- how to give insulin injections - this usually involves using a special insulin 'pen'.
- how to manage the diet so that the child gets the right kind of food at the right time
- how important it is to exercise
- how to cope with having diabetes (most children feel angry and sad that they have diabetes)
- how to know when blood sugar is low
- how to know when blood sugar is high
- what to do to raise or lower blood sugar levels.
Children with diabetes must:
- watch what they eat, and especially never skip a meal
- check sugar levels in their blood using a drop of blood from pricking a finger
- have insulin injections
- have as much fun as any other kid!
And if the diabetes is well managed then, there is no reason why they shouldn't have as much fun as any other kid!
People with diabetes are not ill, but they do have to do more work to stay healthy.
to help your friend
If your friend has diabetes then you can be a good friend by:
- making sure that he eats his recess and lunch. [And you too of course]
- not sharing sweet and sugary food with him. [It's not good for you or your teeth either.]
- not telling everyone in the class about it. His teacher will know and your friend may not want other people to know.
- encouraging him to join in sports and exercise because it is very good for him - and you too!
- understanding that he may seem a bit tired or grumpy sometimes, when he is feeling a bit 'low'. [This means that he may need a glucose tablet, or jelly beans that your teacher probably has in her desk or at the school office.]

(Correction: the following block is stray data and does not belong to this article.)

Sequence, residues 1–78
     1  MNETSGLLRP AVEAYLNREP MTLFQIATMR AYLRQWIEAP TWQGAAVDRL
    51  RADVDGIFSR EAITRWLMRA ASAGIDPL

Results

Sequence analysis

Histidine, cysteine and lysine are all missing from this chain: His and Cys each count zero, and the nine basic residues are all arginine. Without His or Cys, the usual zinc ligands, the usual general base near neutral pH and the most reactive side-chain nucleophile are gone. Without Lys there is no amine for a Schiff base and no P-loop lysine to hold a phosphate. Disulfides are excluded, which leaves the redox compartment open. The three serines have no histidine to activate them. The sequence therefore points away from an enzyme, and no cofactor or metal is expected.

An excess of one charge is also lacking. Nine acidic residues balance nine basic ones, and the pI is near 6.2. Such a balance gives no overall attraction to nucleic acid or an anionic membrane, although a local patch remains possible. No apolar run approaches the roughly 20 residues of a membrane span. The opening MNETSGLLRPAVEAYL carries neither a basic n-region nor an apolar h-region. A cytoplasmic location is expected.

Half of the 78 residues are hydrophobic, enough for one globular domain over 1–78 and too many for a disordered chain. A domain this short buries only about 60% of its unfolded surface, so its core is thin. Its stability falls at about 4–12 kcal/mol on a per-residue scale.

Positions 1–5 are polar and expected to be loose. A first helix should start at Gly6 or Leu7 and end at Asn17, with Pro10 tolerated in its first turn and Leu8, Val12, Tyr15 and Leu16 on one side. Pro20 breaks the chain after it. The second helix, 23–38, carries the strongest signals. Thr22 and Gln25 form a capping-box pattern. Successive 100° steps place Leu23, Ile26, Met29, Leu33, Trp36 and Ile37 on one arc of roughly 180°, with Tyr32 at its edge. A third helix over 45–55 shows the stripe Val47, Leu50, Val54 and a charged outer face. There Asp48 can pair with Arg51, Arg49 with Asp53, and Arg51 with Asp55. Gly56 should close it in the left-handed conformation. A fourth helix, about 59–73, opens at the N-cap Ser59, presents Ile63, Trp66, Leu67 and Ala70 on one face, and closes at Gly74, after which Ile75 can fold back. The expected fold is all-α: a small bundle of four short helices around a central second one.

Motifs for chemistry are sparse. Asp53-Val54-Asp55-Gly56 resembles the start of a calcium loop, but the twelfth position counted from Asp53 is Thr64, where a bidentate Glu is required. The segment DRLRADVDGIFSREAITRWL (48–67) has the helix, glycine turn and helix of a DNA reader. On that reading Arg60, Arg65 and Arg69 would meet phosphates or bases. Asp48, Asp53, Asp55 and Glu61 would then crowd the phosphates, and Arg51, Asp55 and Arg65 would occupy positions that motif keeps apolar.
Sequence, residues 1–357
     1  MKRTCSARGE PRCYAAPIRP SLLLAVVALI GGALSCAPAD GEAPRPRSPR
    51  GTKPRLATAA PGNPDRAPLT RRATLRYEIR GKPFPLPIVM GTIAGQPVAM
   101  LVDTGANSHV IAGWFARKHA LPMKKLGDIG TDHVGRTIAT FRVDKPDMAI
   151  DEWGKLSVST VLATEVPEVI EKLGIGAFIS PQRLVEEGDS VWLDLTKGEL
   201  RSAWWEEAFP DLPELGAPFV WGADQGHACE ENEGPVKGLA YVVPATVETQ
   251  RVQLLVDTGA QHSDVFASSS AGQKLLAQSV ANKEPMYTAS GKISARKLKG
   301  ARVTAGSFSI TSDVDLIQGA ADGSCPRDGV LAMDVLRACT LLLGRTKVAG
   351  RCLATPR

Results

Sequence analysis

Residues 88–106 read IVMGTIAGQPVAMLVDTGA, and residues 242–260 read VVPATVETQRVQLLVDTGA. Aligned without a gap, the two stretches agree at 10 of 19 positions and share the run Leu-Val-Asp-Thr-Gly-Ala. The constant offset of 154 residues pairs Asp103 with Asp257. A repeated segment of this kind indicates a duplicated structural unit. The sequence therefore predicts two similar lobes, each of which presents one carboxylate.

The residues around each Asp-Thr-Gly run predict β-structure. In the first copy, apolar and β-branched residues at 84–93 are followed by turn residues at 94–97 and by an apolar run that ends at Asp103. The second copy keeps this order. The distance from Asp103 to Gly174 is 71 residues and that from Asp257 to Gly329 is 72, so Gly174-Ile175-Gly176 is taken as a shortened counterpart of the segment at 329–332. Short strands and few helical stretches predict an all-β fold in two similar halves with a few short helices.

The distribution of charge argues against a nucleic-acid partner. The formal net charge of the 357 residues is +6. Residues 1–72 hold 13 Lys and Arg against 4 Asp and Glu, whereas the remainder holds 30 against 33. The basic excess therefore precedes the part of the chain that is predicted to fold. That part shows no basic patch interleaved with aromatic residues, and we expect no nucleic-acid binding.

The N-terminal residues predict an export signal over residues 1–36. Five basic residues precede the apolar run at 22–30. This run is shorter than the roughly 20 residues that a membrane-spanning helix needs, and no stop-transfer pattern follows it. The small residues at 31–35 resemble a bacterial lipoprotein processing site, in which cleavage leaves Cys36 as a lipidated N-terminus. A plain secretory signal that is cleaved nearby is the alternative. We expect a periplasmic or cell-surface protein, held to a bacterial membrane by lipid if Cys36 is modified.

- understanding that he needs to eat regular meals even if he's staying over at your place and you're having a computer game marathon.
But always remember it is your friend who is 'in charge' and he is the one who needs to decide how much help he wants.
- "I used to get angry sometimes and think that it's not fair. Then I just got used to having to manage diabetes and I just get on with my life." - Tom
- "I play hockey a lot and I know that I need to have food with me in case I start feeling tired." - Scott.
- "Once I was mad that I had to go to hospital and missed a friend's party but if the doctors didn't help me then I guess I would miss a lot more." - Kylie.
- "I check my own levels now and use the 'pen'. It's easy and I'm in charge." Anon
- "We had to give a talk to the class so I talked about diabetes and how I had to manage it. Some of the kids were amazed and some said that it was really cool that I could do the testing and stuff by myself." - Ty
There are hundreds of people who are famous in all areas of life, from writers to sports stars, and they all have diabetes.
Go to your favourite search engine and type in Diabetes + famous people. You will be amazed!!
My grandmother has just developed diabetes. Does this mean that I will get diabetes too?
She probably has type 2 diabetes, and you are not more likely to get type 1 diabetes than other kids.
Do you remember that we said there is another type of diabetes? Type 2 diabetes? Lots of older people have type 2 diabetes, and some of the reasons they get diabetes is because they are overweight and unfit. Keeping your weight under control and developing a habit of exercising as a child means that you are less likely to get this other type of diabetes.
These are some sites that have more information about diabetes.and activities (eg camps and outings) for young people with diabetes and their families.
We've provided this information to help you to understand important things about staying healthy and happy. However, if you feel sick or unhappy, it is important to tell your mum or dad, a teacher or another grown-up.